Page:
Peppershock – a name loosely modeled on Rhea Allen’s maiden name, Peppersack – provides a host of media and marketing services to companies in Idaho and beyond, such as video production, web design, social media management, photography, and graphic design. Much of this work takes place at the company’s building in Nampa. Peppershock has 10 employees and two to three interns at any time.
Peppershock is almost finished with its first feature film, about the Idaho wine industry. While the film is still in its final editing stages, the work in progress has been screened in Boise.
Idaho Business Review spent some time talking with Rhea Allen, the president and CEO and an innovative marketing consultant, and Drew Allen, the co-owner and creative director, about the ins and outs of the film production business. The interview has been edited for length and clarity.
How did you come to create Peppershock?
Rhea Allen: We both grew up around here and met while working at Channel 12. I got an undergraduate degree at Boise State University, in mass communication and business management and was working on my master’s in marketing and entrepreneurship. Drew and I moved to Seattle together and we got a lot of big city experience in Seattle. I worked at Northwest Cable News, and moved to the Fox affiliate there. Drew was going to the Art Institute of Seattle learning video production. He worked for a number of top agencies in Seattle.
We decided that if we wanted to have a successful business we wanted to move back to where we knew people and not be in an industry of 25 –year –plus veterans. We would have been a little fish breaking into that market. In 2003, we did a market analysis, and there were only a handful of competitors in Idaho. We did a lot of pro bono work to let people know we were here, show off our capabilities, and start getting our name out there.
Nowadays, how much of your work involves filmmaking?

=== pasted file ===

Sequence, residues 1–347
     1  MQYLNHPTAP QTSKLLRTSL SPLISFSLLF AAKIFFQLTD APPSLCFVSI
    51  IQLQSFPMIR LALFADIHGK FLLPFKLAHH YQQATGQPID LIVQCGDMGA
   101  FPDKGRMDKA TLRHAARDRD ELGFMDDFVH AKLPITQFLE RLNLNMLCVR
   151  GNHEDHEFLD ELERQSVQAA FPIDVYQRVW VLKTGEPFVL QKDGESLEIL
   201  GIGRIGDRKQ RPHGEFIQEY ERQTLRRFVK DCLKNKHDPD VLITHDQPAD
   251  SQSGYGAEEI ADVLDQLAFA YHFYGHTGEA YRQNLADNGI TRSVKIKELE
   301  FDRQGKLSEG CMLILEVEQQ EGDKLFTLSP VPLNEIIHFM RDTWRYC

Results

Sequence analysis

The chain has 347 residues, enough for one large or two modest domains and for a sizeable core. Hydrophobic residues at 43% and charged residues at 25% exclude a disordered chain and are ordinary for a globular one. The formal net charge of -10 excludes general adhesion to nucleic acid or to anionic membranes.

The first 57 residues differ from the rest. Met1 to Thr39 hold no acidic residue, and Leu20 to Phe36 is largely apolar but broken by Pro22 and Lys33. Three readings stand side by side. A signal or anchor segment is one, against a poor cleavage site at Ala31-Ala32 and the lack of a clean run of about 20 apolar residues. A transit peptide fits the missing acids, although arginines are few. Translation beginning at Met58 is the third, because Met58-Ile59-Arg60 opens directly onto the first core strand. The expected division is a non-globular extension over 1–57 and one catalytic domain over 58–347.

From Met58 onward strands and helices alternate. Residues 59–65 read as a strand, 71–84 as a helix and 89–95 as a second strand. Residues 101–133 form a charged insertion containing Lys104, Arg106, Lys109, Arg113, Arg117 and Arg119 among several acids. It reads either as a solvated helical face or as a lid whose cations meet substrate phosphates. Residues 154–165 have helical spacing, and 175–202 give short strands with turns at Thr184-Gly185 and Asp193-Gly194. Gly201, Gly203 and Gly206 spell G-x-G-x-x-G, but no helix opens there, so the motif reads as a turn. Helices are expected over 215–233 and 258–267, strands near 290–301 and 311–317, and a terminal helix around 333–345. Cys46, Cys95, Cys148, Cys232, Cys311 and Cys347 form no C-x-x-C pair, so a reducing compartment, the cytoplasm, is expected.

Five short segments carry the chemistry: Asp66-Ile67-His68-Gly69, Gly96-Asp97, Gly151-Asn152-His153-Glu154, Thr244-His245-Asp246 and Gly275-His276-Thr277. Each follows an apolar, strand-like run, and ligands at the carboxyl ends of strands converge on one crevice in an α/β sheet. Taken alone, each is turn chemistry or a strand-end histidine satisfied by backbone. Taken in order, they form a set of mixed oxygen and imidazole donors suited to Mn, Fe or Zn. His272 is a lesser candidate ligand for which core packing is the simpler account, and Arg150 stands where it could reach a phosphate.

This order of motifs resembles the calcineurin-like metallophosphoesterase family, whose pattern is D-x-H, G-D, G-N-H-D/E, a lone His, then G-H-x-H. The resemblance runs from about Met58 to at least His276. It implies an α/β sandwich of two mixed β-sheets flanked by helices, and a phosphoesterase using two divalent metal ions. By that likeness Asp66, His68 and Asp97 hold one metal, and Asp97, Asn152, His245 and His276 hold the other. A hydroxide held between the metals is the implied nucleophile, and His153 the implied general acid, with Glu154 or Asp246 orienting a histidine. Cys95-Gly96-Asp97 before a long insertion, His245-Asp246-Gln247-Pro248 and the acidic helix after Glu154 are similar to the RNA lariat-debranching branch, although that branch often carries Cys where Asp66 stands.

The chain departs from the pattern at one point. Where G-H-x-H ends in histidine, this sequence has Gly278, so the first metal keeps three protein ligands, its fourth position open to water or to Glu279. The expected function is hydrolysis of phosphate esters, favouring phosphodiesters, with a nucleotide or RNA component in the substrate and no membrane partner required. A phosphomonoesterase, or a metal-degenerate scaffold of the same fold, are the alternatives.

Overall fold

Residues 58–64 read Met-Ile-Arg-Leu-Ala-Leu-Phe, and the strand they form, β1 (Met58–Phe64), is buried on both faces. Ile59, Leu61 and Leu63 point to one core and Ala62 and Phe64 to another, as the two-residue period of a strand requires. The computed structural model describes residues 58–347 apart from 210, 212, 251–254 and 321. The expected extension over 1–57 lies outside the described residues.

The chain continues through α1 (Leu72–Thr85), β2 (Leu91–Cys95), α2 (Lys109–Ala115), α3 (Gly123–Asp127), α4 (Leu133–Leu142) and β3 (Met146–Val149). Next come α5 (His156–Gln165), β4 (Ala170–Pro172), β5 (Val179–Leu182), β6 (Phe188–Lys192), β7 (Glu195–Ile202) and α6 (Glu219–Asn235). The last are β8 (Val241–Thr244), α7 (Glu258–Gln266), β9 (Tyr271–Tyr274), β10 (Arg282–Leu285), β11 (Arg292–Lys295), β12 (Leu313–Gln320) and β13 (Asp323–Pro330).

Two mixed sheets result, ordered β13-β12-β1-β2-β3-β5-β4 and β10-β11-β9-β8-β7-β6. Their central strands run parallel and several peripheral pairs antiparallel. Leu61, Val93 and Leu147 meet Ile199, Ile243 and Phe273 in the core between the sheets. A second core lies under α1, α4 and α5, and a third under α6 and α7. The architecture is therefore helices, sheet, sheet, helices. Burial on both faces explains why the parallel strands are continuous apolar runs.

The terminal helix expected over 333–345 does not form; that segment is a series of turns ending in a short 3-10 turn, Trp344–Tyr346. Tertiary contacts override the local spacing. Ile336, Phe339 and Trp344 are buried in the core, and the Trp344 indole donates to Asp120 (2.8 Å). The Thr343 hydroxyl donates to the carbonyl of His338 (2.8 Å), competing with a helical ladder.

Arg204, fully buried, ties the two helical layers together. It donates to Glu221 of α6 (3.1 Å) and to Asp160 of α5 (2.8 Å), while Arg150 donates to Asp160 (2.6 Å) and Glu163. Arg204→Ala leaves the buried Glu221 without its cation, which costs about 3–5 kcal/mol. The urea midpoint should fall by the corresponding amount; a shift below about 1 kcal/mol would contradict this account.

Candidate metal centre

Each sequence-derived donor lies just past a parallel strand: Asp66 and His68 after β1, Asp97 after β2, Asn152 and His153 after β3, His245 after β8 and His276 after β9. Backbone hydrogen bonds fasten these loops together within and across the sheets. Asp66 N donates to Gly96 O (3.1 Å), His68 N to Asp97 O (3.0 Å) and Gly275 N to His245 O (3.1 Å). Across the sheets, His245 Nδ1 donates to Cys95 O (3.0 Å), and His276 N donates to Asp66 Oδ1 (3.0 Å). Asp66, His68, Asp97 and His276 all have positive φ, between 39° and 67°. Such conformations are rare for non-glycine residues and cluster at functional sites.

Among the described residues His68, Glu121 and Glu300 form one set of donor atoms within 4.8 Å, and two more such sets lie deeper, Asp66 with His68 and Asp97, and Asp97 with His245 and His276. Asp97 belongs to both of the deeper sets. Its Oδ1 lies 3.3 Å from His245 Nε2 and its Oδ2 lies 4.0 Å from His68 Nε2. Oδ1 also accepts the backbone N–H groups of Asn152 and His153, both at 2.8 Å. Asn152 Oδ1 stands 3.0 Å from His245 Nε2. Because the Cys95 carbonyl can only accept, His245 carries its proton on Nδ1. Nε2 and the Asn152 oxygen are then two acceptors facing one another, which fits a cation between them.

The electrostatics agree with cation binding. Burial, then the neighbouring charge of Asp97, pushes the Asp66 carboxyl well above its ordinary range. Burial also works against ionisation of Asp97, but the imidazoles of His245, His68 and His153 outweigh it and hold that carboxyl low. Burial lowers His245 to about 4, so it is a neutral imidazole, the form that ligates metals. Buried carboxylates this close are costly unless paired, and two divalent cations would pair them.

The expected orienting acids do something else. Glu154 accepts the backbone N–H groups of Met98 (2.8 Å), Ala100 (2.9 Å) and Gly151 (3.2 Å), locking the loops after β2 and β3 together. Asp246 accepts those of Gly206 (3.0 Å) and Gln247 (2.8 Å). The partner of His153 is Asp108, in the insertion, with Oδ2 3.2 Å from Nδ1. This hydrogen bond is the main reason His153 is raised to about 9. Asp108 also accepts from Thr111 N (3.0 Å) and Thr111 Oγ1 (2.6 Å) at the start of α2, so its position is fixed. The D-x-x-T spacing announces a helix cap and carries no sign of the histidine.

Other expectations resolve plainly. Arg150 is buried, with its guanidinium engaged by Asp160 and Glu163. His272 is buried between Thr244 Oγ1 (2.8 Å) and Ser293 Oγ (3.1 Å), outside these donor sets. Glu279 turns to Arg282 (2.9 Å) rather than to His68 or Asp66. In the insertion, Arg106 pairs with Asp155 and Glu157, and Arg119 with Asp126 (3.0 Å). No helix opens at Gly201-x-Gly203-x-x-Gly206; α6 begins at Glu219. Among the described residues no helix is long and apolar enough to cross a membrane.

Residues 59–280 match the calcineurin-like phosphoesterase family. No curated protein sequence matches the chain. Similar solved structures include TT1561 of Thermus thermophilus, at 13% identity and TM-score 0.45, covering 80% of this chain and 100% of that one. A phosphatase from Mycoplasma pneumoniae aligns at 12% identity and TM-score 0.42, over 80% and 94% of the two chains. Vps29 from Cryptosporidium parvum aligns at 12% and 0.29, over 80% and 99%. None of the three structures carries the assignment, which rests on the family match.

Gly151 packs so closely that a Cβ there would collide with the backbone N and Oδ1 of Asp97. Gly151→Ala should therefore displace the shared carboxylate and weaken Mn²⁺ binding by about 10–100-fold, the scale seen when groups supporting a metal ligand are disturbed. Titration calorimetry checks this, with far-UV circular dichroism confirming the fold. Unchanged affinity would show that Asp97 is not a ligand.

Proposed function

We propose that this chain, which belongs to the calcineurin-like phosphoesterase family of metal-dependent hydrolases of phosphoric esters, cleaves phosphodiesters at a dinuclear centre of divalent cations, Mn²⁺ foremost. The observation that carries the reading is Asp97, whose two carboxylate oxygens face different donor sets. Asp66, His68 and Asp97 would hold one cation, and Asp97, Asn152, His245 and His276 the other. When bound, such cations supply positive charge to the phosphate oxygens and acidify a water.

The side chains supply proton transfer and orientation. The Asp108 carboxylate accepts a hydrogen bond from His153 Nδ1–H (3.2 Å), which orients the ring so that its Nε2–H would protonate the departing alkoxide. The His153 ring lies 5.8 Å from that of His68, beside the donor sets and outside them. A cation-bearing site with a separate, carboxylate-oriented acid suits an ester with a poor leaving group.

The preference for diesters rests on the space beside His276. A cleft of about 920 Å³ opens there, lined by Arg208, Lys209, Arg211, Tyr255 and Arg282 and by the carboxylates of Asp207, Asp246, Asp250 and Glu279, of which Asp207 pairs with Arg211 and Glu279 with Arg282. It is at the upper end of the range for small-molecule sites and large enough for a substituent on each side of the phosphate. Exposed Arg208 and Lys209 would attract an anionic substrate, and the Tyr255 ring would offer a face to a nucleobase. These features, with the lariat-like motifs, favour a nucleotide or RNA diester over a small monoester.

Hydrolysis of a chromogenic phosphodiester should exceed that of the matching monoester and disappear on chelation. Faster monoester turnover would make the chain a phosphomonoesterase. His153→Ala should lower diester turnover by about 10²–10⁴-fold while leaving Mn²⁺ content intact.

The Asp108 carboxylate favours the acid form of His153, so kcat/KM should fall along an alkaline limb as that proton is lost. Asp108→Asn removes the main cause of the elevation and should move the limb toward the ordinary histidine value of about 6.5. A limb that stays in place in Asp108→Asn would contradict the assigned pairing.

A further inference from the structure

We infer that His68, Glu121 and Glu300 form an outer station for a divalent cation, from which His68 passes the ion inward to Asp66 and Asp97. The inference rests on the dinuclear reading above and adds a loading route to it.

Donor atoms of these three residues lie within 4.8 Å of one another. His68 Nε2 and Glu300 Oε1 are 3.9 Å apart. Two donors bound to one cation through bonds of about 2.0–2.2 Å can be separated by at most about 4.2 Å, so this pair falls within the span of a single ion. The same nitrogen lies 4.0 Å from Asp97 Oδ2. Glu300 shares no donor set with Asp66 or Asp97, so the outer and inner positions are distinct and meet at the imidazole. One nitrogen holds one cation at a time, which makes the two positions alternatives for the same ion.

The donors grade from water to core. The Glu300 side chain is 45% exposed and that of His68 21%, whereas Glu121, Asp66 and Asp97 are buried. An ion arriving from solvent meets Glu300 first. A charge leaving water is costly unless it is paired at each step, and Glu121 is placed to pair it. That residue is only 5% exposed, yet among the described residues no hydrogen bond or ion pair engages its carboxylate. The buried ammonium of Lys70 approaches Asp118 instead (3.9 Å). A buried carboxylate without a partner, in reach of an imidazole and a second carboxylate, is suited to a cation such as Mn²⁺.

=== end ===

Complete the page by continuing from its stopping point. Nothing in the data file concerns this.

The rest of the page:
Rhea Allen: Most of our time is spent doing the marketing and advertising and commercial video production and commercial design. But a portion of our time is saved for passion projects, 10 or 15 percent. The corporate work definitely pays the bills.
Where does the Idaho wine documentary fit into this?
Rhea Allen: One of the goals we set two years ago was to start an entertainment division of Peppershock and create a feature-length documentary or just feature-length film. Now we’ve produced our own documentary about Idaho wine. I wanted to learn more about what it means to enjoy wine. Being an entrepreneur is in my blood, and I have an agricultural background, and the wine industry is really growing. They’ve gone from 20 to over 50 wineries. I wanted to tell the story of what it takes to go into grapes and creating wine, and then what it means to enjoy it, and let people understand the hard work and the passion.
Drew Allen: It took a year of planning and talking to people and getting the interest, and visiting wineries to get ideas. Then it took a little over a year to shoot it all. The story tells the whole season. Plus we traveled all over the state. And we’ve been editing for about six months. So we’re going to take a break after this from extracurricular projects.